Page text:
Tooling of the Java Trade
In any discussion of Java and the Java platform, tools can't be ignored. See what the expert panelists at the 2006 Java Technology Roundtable had to say about IDEs and other tooling issues.
- By Simon Phipps
- June 9, 2006
Without question tools and their platforms generate a lot of interest and spirited discussion in the Java community. The popularity of Eclipse, Sun Microsystems' rejuvenated enthusiasm around NetBeans, and the loyal following behind IntelliJ IDEA—in addition to other IDEs, such as JBuilder and JDeveloper, that maintain respectable market share—all demonstrate innovation that has fueled a renewed interest in feature-packed IDEs that help streamline application development.
Any discussion of developer tools will stimulate a variety of viewpoints and perspectives. The industry thought leaders who participated in the 2006 Java Technology Roundtable during day two of the JavaOne conference delved deeply into this topic in an effort to define today's tools for not just developers, but for building applications in enterprise environments concerned with solving complex business problems. Here is a portion of the panel's lively discussion in which IDEs and other tools-related issues were discussed during the first hour of the Roundtable.
Fixing a Leak
Simon Phipps: I've heard people talking in the keynotes and elsewhere around JavaOne about how important tools are to the environment. I've heard people criticize Web services as a technology that no one can use without the tools written by the guy that invented the spec. I wonder, is it a good thing that we're moving into a world where the tools are so tightly coupled to the platform that you can't use the platform without the tools? Are there advantages and disadvantages? We've been talking here as if it's the programming language that matters, but I wonder whether there's a sense in which the languages are irrelevant and what matters is actually the IDE you're using. I'd be interested in people's views. Is Java easy enough to use on its own? Is it too dependent on tools hiding the ugliness from you? What's the future?
Frank Cohen: The problem with the tools hiding the ugliness right now is that they implement all sorts of scalability and performance profiles into the finished application that the developer doesn't know a thing about. Three years ago I did a study of SOAP RPC encoding implementation across all the popular tools and showed clearly that SOAP RPC encoding—basically the encoding type 5 of the spec—wasn't scalable. And yet there's still these toolsets out there that will choose RPC encoded by default, and most of the developers don't know a thing about this. I've been telling developers, "know your toolset. Know it at a protocol level what the tool's actually doing."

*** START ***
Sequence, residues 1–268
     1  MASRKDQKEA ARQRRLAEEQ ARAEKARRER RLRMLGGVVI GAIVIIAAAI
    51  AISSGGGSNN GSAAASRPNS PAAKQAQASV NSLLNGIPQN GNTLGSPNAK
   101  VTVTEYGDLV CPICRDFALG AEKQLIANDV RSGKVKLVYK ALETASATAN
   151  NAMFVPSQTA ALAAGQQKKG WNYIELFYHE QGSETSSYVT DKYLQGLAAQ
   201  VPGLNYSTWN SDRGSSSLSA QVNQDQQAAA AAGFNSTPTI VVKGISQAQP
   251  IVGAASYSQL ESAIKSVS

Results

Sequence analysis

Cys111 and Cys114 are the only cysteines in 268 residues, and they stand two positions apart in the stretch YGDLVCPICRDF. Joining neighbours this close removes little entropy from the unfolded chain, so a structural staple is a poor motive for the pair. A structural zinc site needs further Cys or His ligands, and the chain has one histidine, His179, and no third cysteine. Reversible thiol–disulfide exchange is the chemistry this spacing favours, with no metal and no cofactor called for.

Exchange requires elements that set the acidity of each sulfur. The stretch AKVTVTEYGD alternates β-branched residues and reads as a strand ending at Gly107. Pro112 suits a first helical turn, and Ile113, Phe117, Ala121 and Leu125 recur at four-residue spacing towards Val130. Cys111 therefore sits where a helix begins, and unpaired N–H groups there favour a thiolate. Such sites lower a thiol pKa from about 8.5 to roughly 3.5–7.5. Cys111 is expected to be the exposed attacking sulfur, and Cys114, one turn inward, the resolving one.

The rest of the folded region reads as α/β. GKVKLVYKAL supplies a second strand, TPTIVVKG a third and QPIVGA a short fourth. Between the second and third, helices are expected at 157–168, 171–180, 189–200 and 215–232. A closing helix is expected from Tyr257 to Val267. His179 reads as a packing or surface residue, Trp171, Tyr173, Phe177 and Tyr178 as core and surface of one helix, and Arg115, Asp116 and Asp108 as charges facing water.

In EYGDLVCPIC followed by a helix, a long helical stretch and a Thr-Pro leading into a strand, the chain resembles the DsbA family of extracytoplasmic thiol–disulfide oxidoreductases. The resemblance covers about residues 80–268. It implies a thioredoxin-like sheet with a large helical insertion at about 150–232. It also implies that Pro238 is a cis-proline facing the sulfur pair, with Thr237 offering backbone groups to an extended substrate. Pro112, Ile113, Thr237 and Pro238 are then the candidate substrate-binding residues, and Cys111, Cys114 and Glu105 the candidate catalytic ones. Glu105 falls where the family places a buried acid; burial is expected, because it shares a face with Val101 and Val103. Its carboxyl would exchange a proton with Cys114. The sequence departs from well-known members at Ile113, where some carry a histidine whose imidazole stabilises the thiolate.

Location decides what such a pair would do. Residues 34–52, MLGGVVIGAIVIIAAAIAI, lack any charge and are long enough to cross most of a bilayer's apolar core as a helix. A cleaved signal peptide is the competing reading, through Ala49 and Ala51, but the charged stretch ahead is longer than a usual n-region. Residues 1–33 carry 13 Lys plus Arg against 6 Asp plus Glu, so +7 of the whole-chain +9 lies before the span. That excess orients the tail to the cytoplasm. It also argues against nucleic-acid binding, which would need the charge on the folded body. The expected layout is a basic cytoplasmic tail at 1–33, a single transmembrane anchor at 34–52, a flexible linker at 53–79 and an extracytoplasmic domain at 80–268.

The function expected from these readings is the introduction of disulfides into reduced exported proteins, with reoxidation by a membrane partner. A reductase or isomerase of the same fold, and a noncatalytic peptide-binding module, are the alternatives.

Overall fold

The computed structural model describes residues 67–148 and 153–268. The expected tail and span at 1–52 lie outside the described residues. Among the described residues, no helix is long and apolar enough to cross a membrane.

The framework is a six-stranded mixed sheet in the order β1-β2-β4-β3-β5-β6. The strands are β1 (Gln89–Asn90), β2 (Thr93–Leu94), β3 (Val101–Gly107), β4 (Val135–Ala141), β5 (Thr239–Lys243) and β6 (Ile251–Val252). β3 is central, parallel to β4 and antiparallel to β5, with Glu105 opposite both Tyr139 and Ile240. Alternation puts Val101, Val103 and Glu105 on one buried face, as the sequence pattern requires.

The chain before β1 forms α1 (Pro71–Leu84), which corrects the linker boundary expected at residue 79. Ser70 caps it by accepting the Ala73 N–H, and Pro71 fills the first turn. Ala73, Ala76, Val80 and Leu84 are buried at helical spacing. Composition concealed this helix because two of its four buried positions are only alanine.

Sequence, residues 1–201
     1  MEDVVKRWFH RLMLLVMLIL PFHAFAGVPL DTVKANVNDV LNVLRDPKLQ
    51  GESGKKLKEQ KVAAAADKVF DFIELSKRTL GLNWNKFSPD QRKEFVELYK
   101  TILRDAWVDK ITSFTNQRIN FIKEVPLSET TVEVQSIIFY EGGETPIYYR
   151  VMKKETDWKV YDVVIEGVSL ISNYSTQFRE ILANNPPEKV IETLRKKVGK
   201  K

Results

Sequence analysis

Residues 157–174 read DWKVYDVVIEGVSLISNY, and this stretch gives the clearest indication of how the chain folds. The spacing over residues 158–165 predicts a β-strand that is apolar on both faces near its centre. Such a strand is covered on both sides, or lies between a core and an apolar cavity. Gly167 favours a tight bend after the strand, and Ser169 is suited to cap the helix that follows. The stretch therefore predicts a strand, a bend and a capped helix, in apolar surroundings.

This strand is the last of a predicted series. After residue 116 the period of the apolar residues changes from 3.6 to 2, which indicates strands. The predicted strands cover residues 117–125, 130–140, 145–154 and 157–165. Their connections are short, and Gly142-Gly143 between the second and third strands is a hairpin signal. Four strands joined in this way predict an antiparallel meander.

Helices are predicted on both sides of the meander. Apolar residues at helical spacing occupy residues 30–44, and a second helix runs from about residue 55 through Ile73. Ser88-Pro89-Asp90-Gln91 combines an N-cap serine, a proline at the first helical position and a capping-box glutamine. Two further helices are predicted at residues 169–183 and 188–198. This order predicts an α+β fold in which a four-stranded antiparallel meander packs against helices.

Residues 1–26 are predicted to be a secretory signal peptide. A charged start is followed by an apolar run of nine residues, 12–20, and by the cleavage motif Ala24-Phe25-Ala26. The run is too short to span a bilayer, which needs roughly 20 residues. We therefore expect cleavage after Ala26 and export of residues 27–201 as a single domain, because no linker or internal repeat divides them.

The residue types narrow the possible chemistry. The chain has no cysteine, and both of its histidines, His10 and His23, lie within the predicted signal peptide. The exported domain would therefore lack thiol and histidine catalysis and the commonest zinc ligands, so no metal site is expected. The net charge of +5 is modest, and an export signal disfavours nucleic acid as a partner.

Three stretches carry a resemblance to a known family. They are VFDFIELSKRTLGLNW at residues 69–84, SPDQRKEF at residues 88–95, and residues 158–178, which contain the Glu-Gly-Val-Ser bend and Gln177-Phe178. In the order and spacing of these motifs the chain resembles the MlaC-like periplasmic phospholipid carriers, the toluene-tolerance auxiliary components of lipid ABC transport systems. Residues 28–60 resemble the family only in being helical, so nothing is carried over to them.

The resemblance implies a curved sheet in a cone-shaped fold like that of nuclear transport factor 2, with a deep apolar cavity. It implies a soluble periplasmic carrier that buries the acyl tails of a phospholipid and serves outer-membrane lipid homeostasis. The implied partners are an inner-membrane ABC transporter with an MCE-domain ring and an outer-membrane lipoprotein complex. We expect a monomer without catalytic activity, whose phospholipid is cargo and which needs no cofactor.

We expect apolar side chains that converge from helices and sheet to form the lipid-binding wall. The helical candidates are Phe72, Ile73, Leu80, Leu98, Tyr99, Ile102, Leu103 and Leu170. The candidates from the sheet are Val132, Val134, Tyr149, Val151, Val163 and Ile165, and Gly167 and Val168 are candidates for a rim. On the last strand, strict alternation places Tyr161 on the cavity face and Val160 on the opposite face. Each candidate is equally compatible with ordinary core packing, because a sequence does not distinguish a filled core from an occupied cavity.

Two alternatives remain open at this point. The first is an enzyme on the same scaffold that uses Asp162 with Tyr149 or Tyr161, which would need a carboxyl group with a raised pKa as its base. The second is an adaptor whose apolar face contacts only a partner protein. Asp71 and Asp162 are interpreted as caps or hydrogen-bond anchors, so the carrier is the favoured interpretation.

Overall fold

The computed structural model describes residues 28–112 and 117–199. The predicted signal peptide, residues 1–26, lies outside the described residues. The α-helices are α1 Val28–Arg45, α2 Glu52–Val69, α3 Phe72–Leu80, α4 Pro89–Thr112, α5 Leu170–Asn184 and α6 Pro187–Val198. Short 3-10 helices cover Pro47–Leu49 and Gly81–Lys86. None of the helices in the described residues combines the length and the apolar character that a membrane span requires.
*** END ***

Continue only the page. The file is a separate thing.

Tim Bray: It depends on how confident you can be that your abstractions are leaky or not. TCP/IP isn't leaky. You open a socket, that's all. What's happening underneath doesn't come and get you. Relational databases are hard to abstract away; the abstraction gets leaky. A message passing over the Internet is really hard to abstract away. If you believe you can de-leak the abstraction, then you can hide it in the toolkit—sometimes. I've gotten to the point where I feel that the term "SOA" is starting to become actively harmful because there is a mindset there of papering over what feels like really, really leaky abstractions to me that are going to get us all in a lot of trouble.
Dave Chappell: I would agree that there are lots of implementations of tools and infrastructure that don't put an emphasis on performance and scalability. And if you're not careful about what the tool's doing, then you're going to run into trouble. You have to be very selective about what's under the covers there and understand what's going on there. A lot of vendors don't put emphasis on it, and as was mentioned somewhere, developers don't think about that either.
Mike Milinkovich: I think it really depends on what you mean by the word "tool," right? At Eclipse I sometimes say we're in the rope business. You can use a rope to carry heavy loads, or you can use it to wrap around your throat and kill yourself. Part of it, when we're talking about tools here in this conversation, it's tools [that] are either generating code or tools [that] come with an associated runtime, which is over in this intermediate layer between the underlying real system and the system that you're building. Those kinds of tools can definitely, if you're not careful, cause harm. Not all tools fall into that category.
Chappell: Don't blame the tools for bad runtime infrastructure choices.
Milinkovich: I think where we get into trouble is where somebody says, "It's a tool, don't worry. It's just a tool," but really what it's doing is it's either generating a bunch of completely stupid code or it has 14 layers of abstraction. The abstraction is not leaking anymore because it's so obfuscated that no one knows what's going on. Then those kinds of things can definitely get you into trouble, but not every tool fits that description.
The Joke's on SOA
Rob Gingell: Earlier you [gestures toward Chappell] were mentioning the need for governance in the SOA thing. A term I thought you might have been about to use, maybe you're including in governance, is architecture. One difference between SOA-like environments and some of these earlier IT environments, where the peasants sort of rose up against the dominating IT organizations, is now we're talking about building environments in which the pieces get integrated with each other in a way that isn't a matter of competing with, it's living inside of in a funny kind of way.